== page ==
This book is short on characters, given that it is the story of how Hong Kong’s most admirable and most deplorable acted during the city’s darkest hours. There is little dialogue, and those people Ng does describe do not come alive on the page. He does not capture the drama and tension of the story, but rather picks it apart and shows us the pieces, their flaws and relationship to each other. While disappointing from a storytelling perspective, it does serve the purpose of clarity.

Ng has also used a hodgepodge of styles and formats, which detract from the book’s aesthetic and flow. He has included tables and graphics and both photos and illustrations, drawn by his brother Daniel Ng. He swings from the diary-style personal experience of living in Hong Kong during the movement to expositional chapters about local politics, and from there to opinion writing. The book starts with an introduction and two forewords, and ends with an afterword, extensive appendices and a glossary. More focus and better editing could have produced a more elegant story.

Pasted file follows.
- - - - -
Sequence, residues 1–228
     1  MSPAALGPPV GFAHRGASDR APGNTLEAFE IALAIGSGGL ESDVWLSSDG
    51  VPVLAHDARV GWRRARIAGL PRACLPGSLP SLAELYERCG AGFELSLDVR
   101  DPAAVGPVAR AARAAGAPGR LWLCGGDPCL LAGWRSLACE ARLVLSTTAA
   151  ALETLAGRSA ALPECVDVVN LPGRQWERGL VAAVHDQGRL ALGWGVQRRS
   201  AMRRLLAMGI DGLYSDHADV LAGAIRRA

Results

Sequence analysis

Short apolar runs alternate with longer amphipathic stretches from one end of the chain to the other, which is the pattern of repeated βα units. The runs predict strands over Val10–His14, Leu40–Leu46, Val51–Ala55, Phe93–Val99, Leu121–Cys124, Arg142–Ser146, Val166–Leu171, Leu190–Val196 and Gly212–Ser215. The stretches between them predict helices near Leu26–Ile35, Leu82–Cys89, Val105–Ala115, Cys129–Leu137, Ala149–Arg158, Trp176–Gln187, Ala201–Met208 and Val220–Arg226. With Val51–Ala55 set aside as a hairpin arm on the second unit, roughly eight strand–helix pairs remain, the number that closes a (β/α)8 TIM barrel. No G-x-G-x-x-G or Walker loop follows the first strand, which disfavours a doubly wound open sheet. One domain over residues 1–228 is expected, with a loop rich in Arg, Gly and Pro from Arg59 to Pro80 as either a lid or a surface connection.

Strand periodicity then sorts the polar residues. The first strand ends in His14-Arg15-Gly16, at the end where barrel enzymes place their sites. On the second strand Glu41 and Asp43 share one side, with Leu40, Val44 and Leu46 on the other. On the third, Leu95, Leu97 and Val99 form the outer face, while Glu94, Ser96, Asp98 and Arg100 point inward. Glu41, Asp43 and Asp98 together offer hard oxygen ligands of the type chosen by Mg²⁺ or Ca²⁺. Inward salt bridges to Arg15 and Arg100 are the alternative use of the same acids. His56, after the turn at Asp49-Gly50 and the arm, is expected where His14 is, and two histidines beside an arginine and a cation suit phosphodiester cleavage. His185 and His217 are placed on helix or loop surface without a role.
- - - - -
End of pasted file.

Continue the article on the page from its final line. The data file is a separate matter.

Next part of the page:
Umbrellas in Bloom is a necessary and worthy read for those who want to better understand Hong Kong and the events that unfolded in 2014. It will be especially valuable to those have newly minted permanent residency cards and are eager to exercise their right to vote in the Hong Kong Legislative Council elections this September. And it is also a good reminder that the Umbrella movement had some sizeable accomplishments, even if it did not win the big prize.

“We have gained a number of things: social awakening, battle wounds that didn’t kill us but made us stronger. We have also managed to capture the world’s attention by exposing China’s hypocrisy and expressing our collective want for self-determination.”